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MPAA shuts down BrowserPopcorn

Oct 20, 20153 mins
Data and Information SecuritySecurity

The 'money-grabbing' MPAA took down BrowserPopcorn.

Well that was crazy fast.

A browser-based version of Popcorn Time, which is often referred to as a ‘Netflix for pirates,’ was recently launched and picking up steam. BrowserPopcorn was created by a 15-year-old and didn’t require anything to be downloaded or for users to login before streaming movies or TV shows. If you had visited this morning to partake in an illegal movie streaming fest, you would have seen this:

But now you see this:

15-year-old Serbian programmer Milan Kragujevic wrote, “BrowserPopcorn has been taken down by the E.V.I.L. money-grabbing sh*tlords of America, The Motion Picture Association of Murica.” He’s not the first to come up with a browser-based adaptation of Popcorn Time, and he’s not the first to have it shot down.

Although I contacted him in hopes of reporting on the MPAA’s tactics for shuttering the service, he did not reply before this article was published. is the most popular Popcorn Time fork, but as was reported by TorrentFreak, “A rumored lawsuit from Hollywood combined with disagreement about money and power, has broken up the team behind the most popular Popcorn Time application.”

Regarding BrowserPopcorn, Torrent Freak at first did not report on it because it would likely bring down the service in mere minutes even though it was running “six dedicated servers, each capable of serving around 200 users.”

Kragujevic told Torrent Freak last week that BrowserPopcorn was “not an in-browser solution as that is impossible currently.”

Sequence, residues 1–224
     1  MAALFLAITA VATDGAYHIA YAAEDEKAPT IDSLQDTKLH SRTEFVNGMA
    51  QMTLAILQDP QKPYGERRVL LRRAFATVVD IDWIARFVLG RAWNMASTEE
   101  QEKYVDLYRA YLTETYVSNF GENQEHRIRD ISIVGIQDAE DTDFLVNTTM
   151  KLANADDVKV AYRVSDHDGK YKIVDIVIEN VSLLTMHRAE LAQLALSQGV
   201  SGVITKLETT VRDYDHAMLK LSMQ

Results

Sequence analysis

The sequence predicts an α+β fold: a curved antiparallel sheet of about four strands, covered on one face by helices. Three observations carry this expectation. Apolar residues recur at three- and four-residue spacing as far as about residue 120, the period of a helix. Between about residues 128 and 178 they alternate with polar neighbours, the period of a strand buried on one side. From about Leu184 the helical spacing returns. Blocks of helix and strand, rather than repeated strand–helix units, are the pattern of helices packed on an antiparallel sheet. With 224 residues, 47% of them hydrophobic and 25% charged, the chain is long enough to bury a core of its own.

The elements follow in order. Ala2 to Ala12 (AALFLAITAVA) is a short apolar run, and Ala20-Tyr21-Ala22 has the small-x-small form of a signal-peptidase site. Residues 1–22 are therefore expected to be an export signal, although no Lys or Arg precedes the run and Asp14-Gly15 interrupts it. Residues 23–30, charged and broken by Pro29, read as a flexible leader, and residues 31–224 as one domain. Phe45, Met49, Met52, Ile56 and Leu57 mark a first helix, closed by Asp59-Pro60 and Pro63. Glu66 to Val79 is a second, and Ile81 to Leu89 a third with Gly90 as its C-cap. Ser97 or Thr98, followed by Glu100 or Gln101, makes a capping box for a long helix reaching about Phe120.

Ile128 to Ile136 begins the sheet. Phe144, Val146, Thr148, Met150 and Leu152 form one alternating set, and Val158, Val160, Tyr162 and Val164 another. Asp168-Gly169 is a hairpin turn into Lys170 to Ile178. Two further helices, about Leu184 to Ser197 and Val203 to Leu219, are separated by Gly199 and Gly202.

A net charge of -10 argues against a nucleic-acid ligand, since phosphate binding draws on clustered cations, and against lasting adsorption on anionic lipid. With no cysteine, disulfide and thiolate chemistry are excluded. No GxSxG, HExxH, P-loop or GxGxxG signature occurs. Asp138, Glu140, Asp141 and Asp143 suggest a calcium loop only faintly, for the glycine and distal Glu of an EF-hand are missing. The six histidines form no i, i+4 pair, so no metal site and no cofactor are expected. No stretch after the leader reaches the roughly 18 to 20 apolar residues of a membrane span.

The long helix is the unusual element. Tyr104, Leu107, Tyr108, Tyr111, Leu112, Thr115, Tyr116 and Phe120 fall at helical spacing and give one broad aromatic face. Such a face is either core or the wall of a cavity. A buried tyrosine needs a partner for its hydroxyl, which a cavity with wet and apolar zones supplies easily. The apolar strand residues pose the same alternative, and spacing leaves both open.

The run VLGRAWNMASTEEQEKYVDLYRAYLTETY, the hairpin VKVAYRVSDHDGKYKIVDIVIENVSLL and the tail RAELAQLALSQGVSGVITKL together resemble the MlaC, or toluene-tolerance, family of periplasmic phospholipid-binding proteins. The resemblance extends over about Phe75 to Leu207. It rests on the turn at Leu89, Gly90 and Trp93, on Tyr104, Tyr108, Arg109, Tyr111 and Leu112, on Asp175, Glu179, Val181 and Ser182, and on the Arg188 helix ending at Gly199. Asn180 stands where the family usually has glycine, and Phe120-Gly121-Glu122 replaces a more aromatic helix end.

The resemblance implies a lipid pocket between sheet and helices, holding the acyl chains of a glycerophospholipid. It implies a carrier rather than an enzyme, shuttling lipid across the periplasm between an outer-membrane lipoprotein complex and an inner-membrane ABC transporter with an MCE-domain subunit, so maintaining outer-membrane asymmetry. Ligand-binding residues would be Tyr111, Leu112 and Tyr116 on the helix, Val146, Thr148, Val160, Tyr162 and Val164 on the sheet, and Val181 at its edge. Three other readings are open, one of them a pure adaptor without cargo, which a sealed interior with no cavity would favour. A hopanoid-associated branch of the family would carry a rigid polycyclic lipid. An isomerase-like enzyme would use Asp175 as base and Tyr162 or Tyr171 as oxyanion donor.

The young developer explained:

Basically, BrowserPopcorn is powered by TorrentStream works by running an instance of peerflix-server (the same engine that Popcorn Time uses) and there is a PHP script which handles interfacing between node.js and the outside world.

When you request [a movie], the PHP script adds a torrent to peerflix-server and starts proxying the data from it to the user.

Kragujevic pointed out that there have been attempts to create a true streaming torrent client for the browser., for example, “only works if the peers are running the same client and communicate with websockets. It has no support for standard torrent clients like Deluge, uTorrent, Transmission, Vuze, etc,” he added.

Torrent Freak said there are several other sites similar to BrowserPopcorn, such as “ which has been around for some time already.”

While it’s not like being able to stream popular new movies of all genres, if Halloween has you in the mood to watch horror flicks, then you could legally watch horror films for free at FrightPix; yes, there are ads.

ms smith

Ms. Smith (not her real name) is a freelance writer and programmer with a special and somewhat personal interest in IT privacy and security issues. She focuses on the unique challenges of maintaining privacy and security, both for individuals and enterprises. She has worked as a journalist and has also penned many technical papers and guides covering various technologies. Smith is herself a self-described privacy and security freak.